"Kirk proved to be a better goal scorer than I thought he would be," said Roberts. "This year, he will have the freedom to move around a lot more, and we expect he will be the key to our attack. However, we want him to raise his playmaking ability.
"Chris has gotten more athletic during his career," Roberts said of Bone. "He is an excellent passer and is good at winning balls. Last season, he led the team in assists. This year, we would like to see him score more.
"Anthony was the only freshman to start all 19 games last year, and he showed that he can be a good defender and can cover well from the center of the midfield.
"Center midfield is a key to any team, and I am very excited about how we will look here."
The questions are on the flank where sophomore Mark Lynch and Fahey are the only lettermen returning. Lynch played in just four games last year but "had a good spring and started to develop," while Fahey might be needed at back.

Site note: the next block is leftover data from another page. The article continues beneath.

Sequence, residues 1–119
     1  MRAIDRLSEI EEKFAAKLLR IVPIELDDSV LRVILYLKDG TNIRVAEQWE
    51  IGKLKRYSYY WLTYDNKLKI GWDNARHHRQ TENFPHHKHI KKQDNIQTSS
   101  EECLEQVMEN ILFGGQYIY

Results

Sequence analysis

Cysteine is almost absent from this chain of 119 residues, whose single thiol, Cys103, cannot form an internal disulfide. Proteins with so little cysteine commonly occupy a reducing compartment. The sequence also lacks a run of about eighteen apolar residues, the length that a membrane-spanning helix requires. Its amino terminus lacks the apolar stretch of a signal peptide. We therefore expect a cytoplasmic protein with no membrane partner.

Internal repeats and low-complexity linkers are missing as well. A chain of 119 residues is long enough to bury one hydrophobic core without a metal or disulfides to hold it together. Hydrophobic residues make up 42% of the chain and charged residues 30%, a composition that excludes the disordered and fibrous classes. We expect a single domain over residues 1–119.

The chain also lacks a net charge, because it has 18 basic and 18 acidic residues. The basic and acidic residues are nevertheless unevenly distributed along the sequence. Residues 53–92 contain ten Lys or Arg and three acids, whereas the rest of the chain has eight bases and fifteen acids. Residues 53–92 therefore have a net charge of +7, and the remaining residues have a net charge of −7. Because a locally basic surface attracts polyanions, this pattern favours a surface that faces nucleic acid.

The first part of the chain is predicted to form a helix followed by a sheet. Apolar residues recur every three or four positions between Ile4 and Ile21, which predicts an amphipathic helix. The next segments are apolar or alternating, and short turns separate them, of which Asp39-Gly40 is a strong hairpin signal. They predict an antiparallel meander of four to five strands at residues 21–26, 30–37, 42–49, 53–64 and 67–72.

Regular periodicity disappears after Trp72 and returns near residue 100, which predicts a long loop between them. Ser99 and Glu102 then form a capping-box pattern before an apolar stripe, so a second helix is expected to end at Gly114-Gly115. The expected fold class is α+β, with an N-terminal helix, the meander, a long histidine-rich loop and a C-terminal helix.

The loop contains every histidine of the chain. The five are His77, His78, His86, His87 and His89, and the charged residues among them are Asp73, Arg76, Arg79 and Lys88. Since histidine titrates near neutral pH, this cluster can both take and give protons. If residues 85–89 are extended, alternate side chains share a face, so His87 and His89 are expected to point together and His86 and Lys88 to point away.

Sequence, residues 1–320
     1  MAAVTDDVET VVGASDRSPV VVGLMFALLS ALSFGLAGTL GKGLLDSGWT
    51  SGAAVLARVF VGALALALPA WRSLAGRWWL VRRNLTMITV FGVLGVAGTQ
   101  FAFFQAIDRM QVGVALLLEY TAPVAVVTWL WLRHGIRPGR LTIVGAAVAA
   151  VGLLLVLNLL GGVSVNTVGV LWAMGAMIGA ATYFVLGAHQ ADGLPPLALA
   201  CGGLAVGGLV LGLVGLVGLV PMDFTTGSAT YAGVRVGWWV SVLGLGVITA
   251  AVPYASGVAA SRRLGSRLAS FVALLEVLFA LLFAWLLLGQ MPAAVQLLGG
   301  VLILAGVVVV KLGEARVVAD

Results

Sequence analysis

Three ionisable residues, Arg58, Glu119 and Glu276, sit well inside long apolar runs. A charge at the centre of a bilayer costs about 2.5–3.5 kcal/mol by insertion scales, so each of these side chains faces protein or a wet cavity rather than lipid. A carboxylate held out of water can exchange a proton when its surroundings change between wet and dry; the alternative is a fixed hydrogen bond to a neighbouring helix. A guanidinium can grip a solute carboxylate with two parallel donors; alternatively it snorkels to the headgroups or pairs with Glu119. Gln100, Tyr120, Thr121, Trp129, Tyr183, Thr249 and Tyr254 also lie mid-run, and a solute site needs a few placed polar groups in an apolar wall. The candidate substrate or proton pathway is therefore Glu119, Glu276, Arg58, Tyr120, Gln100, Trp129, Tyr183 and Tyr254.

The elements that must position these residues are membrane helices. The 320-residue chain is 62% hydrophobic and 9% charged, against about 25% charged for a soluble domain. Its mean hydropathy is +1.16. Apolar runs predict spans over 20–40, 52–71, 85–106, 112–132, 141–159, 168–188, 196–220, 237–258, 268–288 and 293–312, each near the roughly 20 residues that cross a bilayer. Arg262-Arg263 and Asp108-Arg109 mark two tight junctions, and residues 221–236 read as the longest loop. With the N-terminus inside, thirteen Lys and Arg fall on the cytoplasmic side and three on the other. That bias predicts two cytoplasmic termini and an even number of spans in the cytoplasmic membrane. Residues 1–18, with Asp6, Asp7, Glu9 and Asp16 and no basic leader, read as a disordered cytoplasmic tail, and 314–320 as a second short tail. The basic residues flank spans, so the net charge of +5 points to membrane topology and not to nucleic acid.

The answer could come from the incoming class.
The top prospects include Holger Vikdal, who is listed as a sophomore but will be making his collegiate debut after spending last year at Bergen University in Norway. Vikdal also spent the past two years in the Norwegian Army.
Another European product is freshman Alan McNamara, who was on the Irish under-18 youth team and was the youth player of the year last season for the Galway United Football Club.
A third prospect is freshman Karl Ruegemer, who accounted for 30 goals and 24 assists during his three-year scholastic career at Minnetonka (MN) High School.
The Terriers must replace the scoring talents of Sigurd Dalen, who finished his career with 33 goals and 29 assists for 95 points. A year ago, he sustained a sprained ankle in the team's third game of the year, and it hampered him throughout the season. Although he finished the season with 2 goals and 7 assists, he was a constant offensive threat as he leaves as the Terriers' fourth all-time leading point producer and fifth all-time leading goal scorer.